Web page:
Doctor Sleep often shines the most when it isn’t burdened with following up on its classic cinematic source material. Director/writer Mike Flanagan has one tough assignment here. Not only is he adapting Stephen King’s 2013 novel which served as the sequel to his beloved novel, but he must incorporate Stanley Kubrick’s 1980 vision of that original work. That adaptation, in case you didn’t know, did not count King among its ardent admirers due to many deviations from the book. Yet the iconic filmmaker’s take on The Shining is ardently admired by legions. This delicate balancing act isn’t always completely successful, but Flanagan sure makes it work most of the time. And that’s no small feat.
The opening takes place shortly after the events at the Overlook Hotel as Wendy Torrance (Alex Essoe) and young son Danny (Roger Dale Floyd) attempt to move on from their trauma and cold loss of their husband and father. Living in Florida, Danny is still blessed and cursed with the ability to “shine”, which encompasses numerous psychic powers. He’s able to put his visions and bad memories in a box (literally and figuratively) for years. We flash forward over 20 years and Danny now takes the form of Ewan McGregor and he’s not in a good place. He’s a raging alcoholic much like his dad was.
After hitting rock bottom, grown Danny enters a different kind of light in recovery. Through the kindness of his AA sponsor (Cliff Curtis), he’s given a small apartment and gets a job as an orderly in a hospice wing. He soon becomes known as Doctor Sleep with the ability to comfort patients in their last moments. Outside forces soon bring him back to past events. A group of vampires known as the True Knot are led by Rose the Hat (Rebecca Ferguson). In order to survive, they feed on small children with psychic abilities similar to Danny’s. One brutal scene depicts their practices with a famous young actor who cameos. It’s pretty terrifying. The new mission of the True Knot is tracking down teenage Abra (Kyliegh Curran), whose shining game is quite bright. When Danny and Abra team up, their fight eventually takes them to the well-known production design of that Colorado hotel.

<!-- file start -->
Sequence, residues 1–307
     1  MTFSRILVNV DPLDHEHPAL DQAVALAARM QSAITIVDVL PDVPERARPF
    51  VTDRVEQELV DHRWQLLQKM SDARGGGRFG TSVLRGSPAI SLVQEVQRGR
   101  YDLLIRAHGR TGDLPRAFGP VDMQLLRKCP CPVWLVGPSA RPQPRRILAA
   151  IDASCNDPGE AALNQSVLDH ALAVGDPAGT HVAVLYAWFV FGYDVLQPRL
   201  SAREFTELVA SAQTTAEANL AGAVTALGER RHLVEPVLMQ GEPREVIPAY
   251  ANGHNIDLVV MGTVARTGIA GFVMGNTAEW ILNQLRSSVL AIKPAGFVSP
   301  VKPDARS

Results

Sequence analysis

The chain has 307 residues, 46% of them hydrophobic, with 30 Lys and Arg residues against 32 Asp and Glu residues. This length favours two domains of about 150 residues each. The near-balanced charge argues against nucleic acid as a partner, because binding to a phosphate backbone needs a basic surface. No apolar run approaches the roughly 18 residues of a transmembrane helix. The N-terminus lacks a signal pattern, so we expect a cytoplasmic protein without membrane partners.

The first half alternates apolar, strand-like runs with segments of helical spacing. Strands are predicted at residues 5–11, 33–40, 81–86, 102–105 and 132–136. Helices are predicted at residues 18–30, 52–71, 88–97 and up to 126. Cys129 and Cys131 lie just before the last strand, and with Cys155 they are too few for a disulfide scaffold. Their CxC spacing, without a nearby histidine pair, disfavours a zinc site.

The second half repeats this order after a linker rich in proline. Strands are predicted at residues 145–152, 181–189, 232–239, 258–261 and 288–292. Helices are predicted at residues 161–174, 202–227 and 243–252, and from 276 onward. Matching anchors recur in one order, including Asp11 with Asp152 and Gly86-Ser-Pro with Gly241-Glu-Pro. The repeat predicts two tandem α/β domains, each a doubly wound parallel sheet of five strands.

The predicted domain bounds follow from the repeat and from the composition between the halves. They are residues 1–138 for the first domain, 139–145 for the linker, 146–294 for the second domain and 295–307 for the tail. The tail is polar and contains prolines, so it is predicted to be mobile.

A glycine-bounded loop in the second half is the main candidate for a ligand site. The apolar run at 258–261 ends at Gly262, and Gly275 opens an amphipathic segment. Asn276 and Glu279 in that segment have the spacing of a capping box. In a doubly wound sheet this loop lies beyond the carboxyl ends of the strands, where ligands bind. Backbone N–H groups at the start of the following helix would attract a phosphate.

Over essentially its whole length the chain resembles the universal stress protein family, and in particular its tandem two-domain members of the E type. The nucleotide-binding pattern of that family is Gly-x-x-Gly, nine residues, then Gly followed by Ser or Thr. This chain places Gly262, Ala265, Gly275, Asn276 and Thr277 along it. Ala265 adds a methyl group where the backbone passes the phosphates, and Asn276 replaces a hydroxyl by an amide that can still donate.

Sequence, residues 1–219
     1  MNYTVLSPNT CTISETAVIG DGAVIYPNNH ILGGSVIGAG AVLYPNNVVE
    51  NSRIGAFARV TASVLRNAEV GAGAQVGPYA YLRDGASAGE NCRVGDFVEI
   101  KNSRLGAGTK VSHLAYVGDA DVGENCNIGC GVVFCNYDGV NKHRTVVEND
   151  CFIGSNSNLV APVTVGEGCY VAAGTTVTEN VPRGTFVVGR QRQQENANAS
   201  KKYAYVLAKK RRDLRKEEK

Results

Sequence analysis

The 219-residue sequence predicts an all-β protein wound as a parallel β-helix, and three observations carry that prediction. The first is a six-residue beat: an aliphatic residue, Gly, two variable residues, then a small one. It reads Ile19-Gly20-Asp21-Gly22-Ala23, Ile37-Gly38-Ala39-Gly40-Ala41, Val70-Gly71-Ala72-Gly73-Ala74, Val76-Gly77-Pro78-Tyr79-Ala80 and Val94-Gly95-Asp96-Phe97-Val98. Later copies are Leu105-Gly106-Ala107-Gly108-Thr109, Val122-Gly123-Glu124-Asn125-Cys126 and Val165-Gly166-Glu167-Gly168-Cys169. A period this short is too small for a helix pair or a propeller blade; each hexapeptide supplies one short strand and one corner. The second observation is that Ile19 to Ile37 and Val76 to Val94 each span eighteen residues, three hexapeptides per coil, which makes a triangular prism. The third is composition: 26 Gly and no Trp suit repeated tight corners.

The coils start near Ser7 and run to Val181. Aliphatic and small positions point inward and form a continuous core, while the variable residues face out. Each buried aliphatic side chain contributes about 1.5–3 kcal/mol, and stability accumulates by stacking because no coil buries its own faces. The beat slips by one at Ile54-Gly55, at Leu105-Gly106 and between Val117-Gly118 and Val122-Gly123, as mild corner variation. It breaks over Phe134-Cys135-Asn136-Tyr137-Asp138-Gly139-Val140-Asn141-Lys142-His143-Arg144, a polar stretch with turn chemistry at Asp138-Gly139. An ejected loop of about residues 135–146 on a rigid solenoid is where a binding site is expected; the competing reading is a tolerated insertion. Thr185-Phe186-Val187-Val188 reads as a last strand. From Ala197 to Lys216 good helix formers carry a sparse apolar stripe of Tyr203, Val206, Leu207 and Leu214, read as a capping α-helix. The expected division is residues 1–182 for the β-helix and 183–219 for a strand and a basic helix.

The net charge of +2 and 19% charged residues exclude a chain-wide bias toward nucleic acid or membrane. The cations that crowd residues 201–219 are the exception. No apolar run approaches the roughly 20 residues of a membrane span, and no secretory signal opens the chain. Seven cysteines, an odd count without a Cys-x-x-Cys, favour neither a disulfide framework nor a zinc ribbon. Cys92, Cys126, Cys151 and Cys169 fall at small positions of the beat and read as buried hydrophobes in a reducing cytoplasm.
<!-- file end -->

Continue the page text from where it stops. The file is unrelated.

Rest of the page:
Perhaps the most surprising aspect of Doctor Sleep is the introduction of its new characters courtesy of King’s novel. Ferguson’s performance as the cult leader is terrific. She appears like a roadie for an alt rock band, but she excels at making her character a demonic force to be reckoned with. Her supporting band of devotees are also memorable. I suspect a picture focused solely on the True Knot could have been fascinating. Curran gives a winning performance as Danny’s partner in shine.
Flanagan must pay homage to King and Kubrick. There’s a Spielberg connection here too. Henry Thomas (yep, little Elliot from E.T.: The Extra-Terrestrial) fills in as Jack Nicholson’s boozy and demented father figure from the 1980 original. That’s in addition to previously mentioned actors playing young Danny and Wendy. Carl Lumbly fills in for Scatman Crothers as the telepathic Dick Halloran. It’s unavoidably jarring to see these roles inhabited by others if, like me, you’ve seen The Shining multiple times. I did admire the way they decided to bring Nicholson’s iconic ax wielder back.
There’s probably no way to avoid the Overlook set third act and it is a pleasure to see those sets recreated. That also constitutes another Spielberg link as that director brought back the haunted hotel for scenes in 2018’s Ready Player One. It is also the weakest segment of the bunch, though not without its nostalgia inducing pleasures. Flanagan is able to engross the audience with the grown Danny and especially the new players around him prior to check in. In that sense, there’s certainly no legacies darkened in Doctor Sleep.
*** (out of four)